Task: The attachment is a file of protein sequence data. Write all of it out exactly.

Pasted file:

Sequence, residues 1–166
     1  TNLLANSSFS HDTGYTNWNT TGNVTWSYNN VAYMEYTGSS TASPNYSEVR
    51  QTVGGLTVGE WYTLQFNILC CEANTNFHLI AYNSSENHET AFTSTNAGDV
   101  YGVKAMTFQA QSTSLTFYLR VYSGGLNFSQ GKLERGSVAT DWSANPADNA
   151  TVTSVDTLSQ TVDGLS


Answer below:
Sequence, residues 1–166
     1  TNLLANSSFS HDTGYTNWNT TGNVTWSYNN VAYMEYTGSS TASPNYSEVR
    51  QTVGGLTVGE WYTLQFNILC CEANTNFHLI AYNSSENHET AFTSTNAGDV
   101  YGVKAMTFQA QSTSLTFYLR VYSGGLNFSQ GKLERGSVAT DWSANPADNA
   151  TVTSVDTLSQ TVDGLS